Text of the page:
Second, it should positively embrace so-called ‘soft’ policies like regulation, taxation and marketing. It must not limit its perspective solely to ‘hard’ initiatives like capital works and zoning regimes. These are important because they’re long term decisions, but how Melbourne develops in the future will be shaped as much by how behaviour is managed as by what projects are constructed. There are, for example, a host of regulatory and taxation policies – e.g. road pricing – that can potentially have a profound impact on shaping the way the city develops (and not all of them are as politically fraught as road pricing). Some can obviate the need for capital works.
Third, it should focus single-mindedly on what can be done most efficiently and effectively through a growth management strategy. It should resist the temptation to ‘solve’ every economic, social and environmental issue confronting Melbourne. Sometimes what are seen as urban issues are more the symptom of other processes rather than the underlying cause – I’ve previously suggested that diversity is one such issue. It’s important that the strategy understands how it impacts on, or even exacerbates, variables like diversity, but close attention should be given to whether or not it is the appropriate vehicle to achieve change. Read the rest of this entry »
I noted yesterday that Melbourne @ 5 Million envisages just over half of all new dwellings constructed between now and 2030 – about 16,000 per year – will be located within the built-up area. The rest will be built in the fringe Growth Areas.
This is a significant reduction compared to the 69% share Melbourne 2030 envisaged would be built within established areas over 2001 to 2030.
But I think home buyers’ preference for the outer suburbs is also commonly exaggerated. I expect many fringe settlers would prefer a location closer to the centre if only the market could deliver a better space/price compromise.
I think one of the reasons they can’t find that compromise could be the Government’s policy of prioritising redevelopment to strategic locations, like activity centres and along main transport routes. Read the rest of this entry »
The Victorian Government set a target in its 2002 strategic plan, Melbourne 2030, that only 31% of new dwellings constructed between 2001 and 2030 would be located on outer suburban greenfield sites.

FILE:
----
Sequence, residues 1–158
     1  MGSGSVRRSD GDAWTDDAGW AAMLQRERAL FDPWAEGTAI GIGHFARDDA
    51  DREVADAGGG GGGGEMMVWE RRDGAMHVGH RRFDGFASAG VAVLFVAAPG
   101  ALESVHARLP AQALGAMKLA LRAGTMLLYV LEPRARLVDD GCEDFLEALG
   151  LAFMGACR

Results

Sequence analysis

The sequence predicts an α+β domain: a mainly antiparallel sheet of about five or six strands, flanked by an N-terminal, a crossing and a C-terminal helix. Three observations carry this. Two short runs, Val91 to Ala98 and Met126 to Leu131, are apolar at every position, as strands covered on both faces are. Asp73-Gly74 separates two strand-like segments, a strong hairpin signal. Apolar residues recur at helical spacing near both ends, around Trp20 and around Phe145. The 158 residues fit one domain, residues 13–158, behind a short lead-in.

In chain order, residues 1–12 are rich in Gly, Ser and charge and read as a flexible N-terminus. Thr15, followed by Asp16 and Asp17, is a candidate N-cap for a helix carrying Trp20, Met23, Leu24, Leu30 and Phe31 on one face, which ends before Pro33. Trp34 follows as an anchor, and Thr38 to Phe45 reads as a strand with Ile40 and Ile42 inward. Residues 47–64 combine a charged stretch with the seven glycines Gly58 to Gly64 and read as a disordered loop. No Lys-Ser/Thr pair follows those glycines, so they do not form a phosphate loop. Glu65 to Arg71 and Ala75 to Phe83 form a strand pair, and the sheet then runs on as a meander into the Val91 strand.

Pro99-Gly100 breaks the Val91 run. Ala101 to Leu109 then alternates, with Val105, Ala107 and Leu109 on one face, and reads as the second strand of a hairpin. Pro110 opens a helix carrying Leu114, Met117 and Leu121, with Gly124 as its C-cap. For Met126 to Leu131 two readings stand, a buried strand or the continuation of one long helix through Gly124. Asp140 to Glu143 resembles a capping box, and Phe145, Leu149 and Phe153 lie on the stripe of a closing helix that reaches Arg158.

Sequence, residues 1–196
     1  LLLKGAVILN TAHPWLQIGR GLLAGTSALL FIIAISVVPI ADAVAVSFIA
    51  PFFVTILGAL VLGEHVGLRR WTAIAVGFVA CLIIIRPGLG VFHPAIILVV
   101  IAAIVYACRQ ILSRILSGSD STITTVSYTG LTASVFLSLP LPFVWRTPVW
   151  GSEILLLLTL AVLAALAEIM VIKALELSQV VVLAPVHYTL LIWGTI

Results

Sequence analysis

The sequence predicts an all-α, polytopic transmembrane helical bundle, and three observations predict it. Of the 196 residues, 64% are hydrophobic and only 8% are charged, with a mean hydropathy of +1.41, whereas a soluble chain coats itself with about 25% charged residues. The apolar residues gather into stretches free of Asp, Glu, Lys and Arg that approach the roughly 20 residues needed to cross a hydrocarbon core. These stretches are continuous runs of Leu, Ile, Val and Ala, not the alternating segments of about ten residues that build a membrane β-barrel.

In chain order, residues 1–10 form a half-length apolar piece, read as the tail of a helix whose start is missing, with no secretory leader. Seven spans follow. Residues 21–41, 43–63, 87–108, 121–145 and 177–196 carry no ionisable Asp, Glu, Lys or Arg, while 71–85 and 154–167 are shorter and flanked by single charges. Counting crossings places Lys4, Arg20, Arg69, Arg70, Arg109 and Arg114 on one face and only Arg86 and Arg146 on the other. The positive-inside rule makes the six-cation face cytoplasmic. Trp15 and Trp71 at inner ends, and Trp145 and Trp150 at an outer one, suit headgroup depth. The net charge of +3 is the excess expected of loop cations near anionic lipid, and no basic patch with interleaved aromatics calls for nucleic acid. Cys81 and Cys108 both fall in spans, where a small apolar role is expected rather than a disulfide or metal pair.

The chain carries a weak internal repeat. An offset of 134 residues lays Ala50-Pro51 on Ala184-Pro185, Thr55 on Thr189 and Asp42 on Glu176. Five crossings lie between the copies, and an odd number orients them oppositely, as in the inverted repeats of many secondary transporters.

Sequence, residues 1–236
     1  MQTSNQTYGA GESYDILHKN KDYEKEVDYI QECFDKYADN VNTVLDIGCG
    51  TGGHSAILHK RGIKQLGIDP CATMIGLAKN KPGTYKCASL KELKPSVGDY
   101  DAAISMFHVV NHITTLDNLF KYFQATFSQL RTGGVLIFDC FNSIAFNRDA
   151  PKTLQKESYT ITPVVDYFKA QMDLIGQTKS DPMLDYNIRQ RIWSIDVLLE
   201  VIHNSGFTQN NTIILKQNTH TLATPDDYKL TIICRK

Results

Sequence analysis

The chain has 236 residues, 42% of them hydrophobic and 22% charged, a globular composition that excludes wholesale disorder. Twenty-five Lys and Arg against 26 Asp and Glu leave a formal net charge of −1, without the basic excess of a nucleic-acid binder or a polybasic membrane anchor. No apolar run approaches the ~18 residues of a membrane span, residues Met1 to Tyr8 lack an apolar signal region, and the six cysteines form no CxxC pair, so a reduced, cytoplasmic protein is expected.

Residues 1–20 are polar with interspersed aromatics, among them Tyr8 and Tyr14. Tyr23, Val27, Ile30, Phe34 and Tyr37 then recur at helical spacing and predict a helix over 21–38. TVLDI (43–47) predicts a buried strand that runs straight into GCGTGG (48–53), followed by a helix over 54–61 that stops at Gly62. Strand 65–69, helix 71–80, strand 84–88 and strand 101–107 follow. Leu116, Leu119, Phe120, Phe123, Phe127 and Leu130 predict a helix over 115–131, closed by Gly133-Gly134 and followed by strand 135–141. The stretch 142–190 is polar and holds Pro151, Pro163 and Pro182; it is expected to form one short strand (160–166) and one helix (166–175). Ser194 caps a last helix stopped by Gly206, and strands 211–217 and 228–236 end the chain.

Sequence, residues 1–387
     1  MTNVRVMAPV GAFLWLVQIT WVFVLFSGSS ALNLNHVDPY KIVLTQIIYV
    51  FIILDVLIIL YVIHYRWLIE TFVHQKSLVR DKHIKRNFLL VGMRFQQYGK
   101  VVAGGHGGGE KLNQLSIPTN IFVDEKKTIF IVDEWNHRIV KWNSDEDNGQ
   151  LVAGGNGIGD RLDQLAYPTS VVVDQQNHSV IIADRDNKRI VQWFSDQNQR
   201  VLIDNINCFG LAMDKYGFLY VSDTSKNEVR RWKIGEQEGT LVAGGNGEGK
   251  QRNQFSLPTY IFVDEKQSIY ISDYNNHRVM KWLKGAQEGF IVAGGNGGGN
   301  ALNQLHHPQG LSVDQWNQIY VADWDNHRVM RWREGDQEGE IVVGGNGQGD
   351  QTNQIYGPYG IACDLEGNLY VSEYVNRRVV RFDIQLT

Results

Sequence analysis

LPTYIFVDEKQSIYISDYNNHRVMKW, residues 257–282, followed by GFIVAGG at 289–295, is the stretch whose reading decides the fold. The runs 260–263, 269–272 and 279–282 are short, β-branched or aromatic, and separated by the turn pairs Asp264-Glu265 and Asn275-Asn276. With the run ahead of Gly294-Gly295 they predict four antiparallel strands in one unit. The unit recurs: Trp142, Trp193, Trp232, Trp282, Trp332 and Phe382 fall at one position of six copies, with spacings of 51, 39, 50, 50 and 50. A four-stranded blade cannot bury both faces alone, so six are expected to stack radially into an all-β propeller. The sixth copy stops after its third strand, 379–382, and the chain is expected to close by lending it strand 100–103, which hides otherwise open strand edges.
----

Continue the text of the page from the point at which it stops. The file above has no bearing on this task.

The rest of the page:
In fact, it envisaged that by 2030, the proportion would have fallen to just 22%.
This ambitious target reflected the conviction at the time that continued outward growth was unsustainable. The firm view was that a much higher proportion of growth would need to be accommodated within the existing built-up area.
The subsequent update released in 2008, Melbourne @ 5 Million, significantly downgraded the target.
Melbourne @ 5 Million “anticipated” that 47% of all new dwellings constructed over the next 20 years would be located in the fringe Growth Areas.
The new target simply reflected what the market was actually doing. There would be little danger now of getting caught out by a politically ambitious “stretch target”.
The most recent edition of the Government’s Residential Land Bulletin (March Qtr, 2010) indicates how prescient the authors of Melbourne @ 5 Million were. It shows that exactly 47% of dwelling approvals in the preceding twelve months were located in the Growth Areas.
But if you think we need less development in the outer suburbs and more in the inner and middle ring suburbs, it gets worse. Read the rest of this entry »
In fact it has been so successful that I wonder what the implications are for office space markets in the rest of Melbourne, not just in the CBD and near-CBD markets, but in particular in the six major suburban activity centres envisaged in Melbourne @ 5 Million i.e. Footscray, Broadmeadows, Box Hill, Ringwood, Dandenong and Frankston.
The recent announcement that the headquarters of the National Broadband Network Company would be located in Docklands merely continues the momentum already established in the area in and around the old docks. Current tenants of this end of town include the National Australia Bank, ANZ, Myer, National Foods, CSC, Fairfax Media, Customs, Channel 7, AFL and the Australian Tax Office.
Other organisations planning to move to the area include Melbourne Water, BP, Channel Nine and Chartis Australia. Even the Demons have been mooted as prospective tenants of a new training park (or stadium) proposed for the precinct. Read the rest of this entry »
Melbourne’s peak train services are overcrowded and have been for quite a few years. Given the high costs that peak period commuters impose on the rail system, wouldn’t it be more efficient and more equitable if they paid more for their tickets?
After all, the capacity of the system is determined by peak demand – all those trains and the associated infrastructure and personnel required to handle the peaks are under-utilised or sit idle for the rest of the day and on weekends.
As would be the case with congestion charging on roads, a charge on peak hour train travellers should reduce over-crowding (congestion) by suppressing travel, moving lower value trips to off-peak periods and encouraging shifts to other modes. Passengers who continued travelling in the peak would make a larger contribution towards what it actually costs to get them to work.
I’m prompted to think about this issue by a proposal to levy a $0.50 per trip surcharge on customers of Washington D.C.’s Metro system who use or pass through the network’s busiest stations during the busiest period of the peak. If approved, the congestion toll would apply from next month. Read the rest of this entry »